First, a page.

Wine is produced in many of the American states, though over 90% comes from California. Vitis Vinifera vines were introduced to North America by Spanish missionaries who cultivated them to make communion wines. However it wasn’t until the late twentieth century that Californian wine became a popular beverage in the UK and other export markets.
In 1976 at the ‘Judgement of Paris’ tasting, when Californian producers were invited to show their finest wines in a competition against the best from Bordeaux and Burgundy, to everyone’s amazement California swept the board and over the following decades consumers’ perceptions of the wines changed and sales rocketed. California is now recognised as one of the world’s premier wine producers.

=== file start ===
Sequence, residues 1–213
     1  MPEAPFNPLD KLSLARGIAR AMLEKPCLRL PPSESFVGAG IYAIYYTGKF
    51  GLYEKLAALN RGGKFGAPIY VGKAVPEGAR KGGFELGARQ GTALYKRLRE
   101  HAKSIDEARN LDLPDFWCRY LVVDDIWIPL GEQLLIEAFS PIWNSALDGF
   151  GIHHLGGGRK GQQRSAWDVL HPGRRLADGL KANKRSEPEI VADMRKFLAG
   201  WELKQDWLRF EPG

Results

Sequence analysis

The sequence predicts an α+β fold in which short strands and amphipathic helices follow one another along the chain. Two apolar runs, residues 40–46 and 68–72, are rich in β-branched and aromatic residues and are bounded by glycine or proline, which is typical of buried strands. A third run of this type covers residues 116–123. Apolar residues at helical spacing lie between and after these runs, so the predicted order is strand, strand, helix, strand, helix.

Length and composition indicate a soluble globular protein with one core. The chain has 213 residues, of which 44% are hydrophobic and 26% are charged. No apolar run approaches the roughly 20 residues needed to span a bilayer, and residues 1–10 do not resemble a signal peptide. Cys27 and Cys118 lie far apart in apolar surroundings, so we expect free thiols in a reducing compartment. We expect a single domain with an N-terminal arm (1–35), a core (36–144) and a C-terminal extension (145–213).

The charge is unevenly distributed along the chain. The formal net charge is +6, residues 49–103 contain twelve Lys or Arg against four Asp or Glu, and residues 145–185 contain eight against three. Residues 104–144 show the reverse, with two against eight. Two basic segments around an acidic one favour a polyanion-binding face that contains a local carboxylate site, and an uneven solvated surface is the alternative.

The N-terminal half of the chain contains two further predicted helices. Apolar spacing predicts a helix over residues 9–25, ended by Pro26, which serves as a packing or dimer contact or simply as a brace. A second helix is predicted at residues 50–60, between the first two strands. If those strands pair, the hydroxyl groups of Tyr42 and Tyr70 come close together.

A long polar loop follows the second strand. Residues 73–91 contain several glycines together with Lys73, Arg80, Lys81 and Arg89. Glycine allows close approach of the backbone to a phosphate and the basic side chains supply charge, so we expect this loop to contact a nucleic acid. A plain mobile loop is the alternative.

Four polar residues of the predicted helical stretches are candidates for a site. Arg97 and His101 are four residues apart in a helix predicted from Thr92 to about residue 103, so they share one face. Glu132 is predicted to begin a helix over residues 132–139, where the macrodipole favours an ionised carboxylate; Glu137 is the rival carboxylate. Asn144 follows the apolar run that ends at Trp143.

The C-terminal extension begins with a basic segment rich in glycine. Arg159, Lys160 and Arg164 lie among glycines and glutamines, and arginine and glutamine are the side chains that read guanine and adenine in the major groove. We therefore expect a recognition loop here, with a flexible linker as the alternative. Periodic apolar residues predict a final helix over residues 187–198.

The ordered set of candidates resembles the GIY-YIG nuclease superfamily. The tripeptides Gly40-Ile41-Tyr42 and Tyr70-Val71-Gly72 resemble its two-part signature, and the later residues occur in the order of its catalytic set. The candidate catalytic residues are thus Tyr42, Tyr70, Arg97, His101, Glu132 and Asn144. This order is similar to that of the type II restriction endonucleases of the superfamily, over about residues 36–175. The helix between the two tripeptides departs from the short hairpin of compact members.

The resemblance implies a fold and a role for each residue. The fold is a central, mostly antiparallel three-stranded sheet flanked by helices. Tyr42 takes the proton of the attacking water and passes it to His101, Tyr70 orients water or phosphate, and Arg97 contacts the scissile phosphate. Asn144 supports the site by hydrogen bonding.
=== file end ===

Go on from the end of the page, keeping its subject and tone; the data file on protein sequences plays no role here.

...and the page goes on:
Many of the less widespread varieties also make a major contribution to the state’s output. Cabernet Franc, Grenache, Petite Sirah and Chenin Blanc all have a loyal following. Some excellent vermouth style and fortified wines are also produced, for example Andrew Quady’s winery near Fresno makes some delicious dessert wines from the Muscat grape.